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Locasto v. City of Chicago

Court of Appeals of Illinois, First District, Third Division

February 11, 2014

JOSEPH W. LOCASTO, Plaintiff-Appellant and Cross-Appellee,
THE CITY OF CHICAGO, a Municipal Corporation, JOHN S. McKILLOP, Director of Training/EMS, ARF ABDELLATIF, MONICA PORTER, and ANTHONY LONGINI, Defendants-Appellees and Cross-Appellants

Page 436

Appeal from the Circuit Court of Cook County. No. 09 L 5400. The Honorable James D. Egan, Judge Presiding.

Reversed and remanded.


In an action arising from the allegedly excessive physical training plaintiff received in connection with his new job as a paramedic for defendant city, the trial court's entry of a judgment of default against defendants as a sanction for their dilatory practices with respect to the court's discovery orders was reversed and the cause was remanded for further proceedings, since the trial court entered the default without first considering intermediate sanctions and giving a warning that default was a possibility, and the record showed that although defendants were slow in responding to discovery requests, blatant disregard for the trial court's authority was not exhibited, and in one instance, plaintiff played a part in the delay.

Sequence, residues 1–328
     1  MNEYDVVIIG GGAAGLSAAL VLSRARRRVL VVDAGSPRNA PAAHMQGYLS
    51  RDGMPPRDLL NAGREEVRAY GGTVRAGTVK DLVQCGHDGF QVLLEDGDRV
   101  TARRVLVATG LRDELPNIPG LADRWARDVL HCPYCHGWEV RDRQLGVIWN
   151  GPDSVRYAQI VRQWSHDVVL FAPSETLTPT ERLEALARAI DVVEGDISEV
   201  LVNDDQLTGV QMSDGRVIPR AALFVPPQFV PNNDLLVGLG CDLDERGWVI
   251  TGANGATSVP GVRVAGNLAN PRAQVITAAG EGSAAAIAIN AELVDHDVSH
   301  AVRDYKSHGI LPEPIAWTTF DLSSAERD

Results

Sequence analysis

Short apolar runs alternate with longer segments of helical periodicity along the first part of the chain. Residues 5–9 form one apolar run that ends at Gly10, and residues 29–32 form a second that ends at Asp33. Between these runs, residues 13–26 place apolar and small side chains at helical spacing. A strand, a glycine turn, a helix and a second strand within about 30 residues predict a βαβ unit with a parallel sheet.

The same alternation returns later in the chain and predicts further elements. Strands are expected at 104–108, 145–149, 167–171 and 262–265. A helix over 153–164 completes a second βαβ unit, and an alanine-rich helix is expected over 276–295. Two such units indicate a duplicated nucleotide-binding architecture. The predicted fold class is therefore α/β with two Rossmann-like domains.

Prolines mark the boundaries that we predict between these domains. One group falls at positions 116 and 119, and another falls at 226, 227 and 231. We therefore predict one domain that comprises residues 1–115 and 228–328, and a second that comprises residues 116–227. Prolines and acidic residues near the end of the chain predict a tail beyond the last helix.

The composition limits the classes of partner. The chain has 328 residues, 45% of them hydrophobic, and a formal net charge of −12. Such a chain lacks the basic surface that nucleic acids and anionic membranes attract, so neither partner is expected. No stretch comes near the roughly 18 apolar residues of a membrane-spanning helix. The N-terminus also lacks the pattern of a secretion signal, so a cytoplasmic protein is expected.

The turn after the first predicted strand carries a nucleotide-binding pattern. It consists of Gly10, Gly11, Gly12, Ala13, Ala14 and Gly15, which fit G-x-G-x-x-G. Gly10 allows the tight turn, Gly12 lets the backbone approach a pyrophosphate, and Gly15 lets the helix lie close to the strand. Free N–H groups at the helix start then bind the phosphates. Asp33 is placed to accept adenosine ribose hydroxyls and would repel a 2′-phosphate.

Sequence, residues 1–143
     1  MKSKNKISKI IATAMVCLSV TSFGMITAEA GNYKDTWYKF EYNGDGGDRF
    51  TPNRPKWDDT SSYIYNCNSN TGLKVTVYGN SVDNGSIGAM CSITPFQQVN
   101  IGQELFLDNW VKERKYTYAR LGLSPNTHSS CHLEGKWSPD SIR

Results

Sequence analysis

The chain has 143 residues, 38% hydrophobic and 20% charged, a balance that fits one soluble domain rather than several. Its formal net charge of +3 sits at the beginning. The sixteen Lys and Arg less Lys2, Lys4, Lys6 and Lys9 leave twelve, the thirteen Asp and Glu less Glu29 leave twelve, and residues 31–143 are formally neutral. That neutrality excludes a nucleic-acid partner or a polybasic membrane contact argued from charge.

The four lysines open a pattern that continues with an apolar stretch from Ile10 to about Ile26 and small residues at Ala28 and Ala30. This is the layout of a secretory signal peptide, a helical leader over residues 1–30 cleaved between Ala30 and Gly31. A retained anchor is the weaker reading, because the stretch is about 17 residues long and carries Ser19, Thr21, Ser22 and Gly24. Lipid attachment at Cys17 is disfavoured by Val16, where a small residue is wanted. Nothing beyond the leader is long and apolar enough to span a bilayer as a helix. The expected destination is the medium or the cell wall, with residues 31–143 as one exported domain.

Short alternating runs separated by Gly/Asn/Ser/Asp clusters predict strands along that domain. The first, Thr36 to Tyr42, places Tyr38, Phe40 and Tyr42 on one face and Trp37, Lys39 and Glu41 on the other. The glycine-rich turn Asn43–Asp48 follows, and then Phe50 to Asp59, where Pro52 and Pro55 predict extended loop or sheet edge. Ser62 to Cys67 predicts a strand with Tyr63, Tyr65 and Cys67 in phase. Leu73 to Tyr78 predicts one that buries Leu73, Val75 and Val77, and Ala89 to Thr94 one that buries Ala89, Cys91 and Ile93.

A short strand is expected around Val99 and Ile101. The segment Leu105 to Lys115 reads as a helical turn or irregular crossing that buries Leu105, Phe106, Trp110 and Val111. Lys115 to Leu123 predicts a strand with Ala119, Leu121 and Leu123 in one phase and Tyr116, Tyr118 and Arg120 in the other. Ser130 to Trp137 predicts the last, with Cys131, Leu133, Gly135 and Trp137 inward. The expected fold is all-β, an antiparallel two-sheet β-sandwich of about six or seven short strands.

FOR PLAINTIFF-APPELLANT: Jeffrey C. Hart, Segal McCambridge Singer & Mahoney, Ltd., Novi, MI.

FOR DEFENDANT-APPELLEES: Stephen R. Patton, Corporation Counsel of the City of Chicago, Chicago, IL.

PRESIDING JUSTICE HYMAN delivered the judgment of the court, with opinion. Justices Neville and Pucinski concurred in the judgment and opinion.



Page 437

[¶1] For years lawyers have complained about how rarely trial judges mete out sanctions for dilatory discovery practices. This reluctance, they say, has contributed to an environment in which some lawyers (and parties, too) flout court rules and court orders because the chances of unpleasant consequences tends to be so low. But that is not what happened here.